Friday, February 03, 2006

The Writing Life, And How To Live It, Maybe

Cheers to Harper Lee, who wrote one book that was neither tract nor tome, changed people's lives, won a Pulitzer, and then was hardly ever heard from again, on purpose, while people went on reading it and reading it and naming their children after her and her characters. Without ever shtupping 18-year-old Joyce Maynards in the process.

An excerpt from the recent Times article, which you can read here.

With more than 10,000,000 copies sold since it first appeared in 1960, "To Kill a Mockingbird" exists as one of the best-selling novels of all time. For decades, Ms. Lee has remained fiercely mindful of her privacy, politely but resolutely refusing to talk to the press and making only rare public appearances, in which she always declines to speak. She has maintained her resolve despite renewed attention in the wake of the film "Capote," in which Ms. Lee is portrayed as the moral conscience of her childhood friend Truman Capote; the coming "Infamous," another Capote movie in which Sandra Bullock plays Ms. Lee; and a biography of Ms. Lee scheduled for May.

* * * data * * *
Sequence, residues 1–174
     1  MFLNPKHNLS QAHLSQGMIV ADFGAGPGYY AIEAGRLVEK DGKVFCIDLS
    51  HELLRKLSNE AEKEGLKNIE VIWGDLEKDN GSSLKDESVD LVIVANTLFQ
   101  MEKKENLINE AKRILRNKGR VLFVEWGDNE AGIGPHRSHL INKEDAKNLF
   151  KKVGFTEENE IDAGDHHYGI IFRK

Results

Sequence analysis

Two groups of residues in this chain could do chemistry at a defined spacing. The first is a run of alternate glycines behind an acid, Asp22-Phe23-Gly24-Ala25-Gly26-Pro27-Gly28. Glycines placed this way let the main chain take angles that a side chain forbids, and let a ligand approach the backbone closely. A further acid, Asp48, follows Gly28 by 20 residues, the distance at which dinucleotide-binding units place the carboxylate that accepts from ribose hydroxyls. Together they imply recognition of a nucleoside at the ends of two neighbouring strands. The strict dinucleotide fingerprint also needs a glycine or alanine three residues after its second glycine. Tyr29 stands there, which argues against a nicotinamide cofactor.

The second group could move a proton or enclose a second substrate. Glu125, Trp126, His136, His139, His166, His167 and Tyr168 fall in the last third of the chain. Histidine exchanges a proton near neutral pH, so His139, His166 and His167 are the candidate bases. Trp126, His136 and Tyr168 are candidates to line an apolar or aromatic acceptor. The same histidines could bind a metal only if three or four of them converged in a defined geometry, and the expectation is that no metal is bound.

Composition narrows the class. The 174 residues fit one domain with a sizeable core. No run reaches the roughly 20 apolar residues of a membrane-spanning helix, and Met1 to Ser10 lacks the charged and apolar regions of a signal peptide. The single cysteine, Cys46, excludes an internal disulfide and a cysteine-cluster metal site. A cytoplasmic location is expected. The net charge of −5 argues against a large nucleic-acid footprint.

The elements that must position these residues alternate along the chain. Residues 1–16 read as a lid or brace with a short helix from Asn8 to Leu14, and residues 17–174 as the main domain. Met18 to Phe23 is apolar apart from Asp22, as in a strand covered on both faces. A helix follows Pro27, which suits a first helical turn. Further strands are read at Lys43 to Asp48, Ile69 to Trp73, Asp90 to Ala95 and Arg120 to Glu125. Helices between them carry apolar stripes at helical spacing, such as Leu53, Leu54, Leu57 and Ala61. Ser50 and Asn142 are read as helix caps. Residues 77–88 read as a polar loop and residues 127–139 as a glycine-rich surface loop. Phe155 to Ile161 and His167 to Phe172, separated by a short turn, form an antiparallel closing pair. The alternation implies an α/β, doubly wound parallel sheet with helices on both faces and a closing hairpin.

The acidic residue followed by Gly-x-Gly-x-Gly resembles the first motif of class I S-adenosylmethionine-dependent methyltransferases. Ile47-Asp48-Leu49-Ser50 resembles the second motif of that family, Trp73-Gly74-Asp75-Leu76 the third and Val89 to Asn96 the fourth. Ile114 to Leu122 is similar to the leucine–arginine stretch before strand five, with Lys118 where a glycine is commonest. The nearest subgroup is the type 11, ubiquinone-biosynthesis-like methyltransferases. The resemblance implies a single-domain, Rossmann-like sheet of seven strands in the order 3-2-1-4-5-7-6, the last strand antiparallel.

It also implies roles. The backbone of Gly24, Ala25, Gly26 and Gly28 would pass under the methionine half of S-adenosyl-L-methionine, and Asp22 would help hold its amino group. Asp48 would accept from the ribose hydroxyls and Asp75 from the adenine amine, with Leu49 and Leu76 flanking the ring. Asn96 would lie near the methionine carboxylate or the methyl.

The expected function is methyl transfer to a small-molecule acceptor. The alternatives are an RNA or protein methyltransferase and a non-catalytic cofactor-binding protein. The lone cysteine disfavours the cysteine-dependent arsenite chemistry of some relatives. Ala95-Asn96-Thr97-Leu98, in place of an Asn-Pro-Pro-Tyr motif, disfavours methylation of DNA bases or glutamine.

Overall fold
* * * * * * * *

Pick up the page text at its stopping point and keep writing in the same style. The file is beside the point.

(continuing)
But since the essay contest, sponsored by the Honors College at the University of Alabama, got going five years ago, Ms. Lee, who is 79, has attended the ceremony faithfully, meeting with the 50 or so winners from most of the state's school districts and graciously posing for pictures with the parents and teachers who accompany them.

At a book signing after the ceremony on Friday afternoon, a little girl in a velvet dress approached Ms. Lee with a hardback copy of "To Kill a Mockingbird," announcing that her name was Harper. "Well, that's my name, too," Ms. Lee said. The girl's mother, LaDonnah Roberts, said she had decided to make her daughter Ms. Lee's namesake after her mother-in-law gave her a copy of the book during her pregnancy. Another girl, Catherine Briscoe, 15, one of the essay contest winners, had read the novel six times. She trembled and held her hand to her heart as she spoke of its author: "It was breathtaking to meet the most important person in my life."

I read this and thought So just shut the %@#*& up already, Philip Roth! Take a lesson! Longer, more coherent post to follow.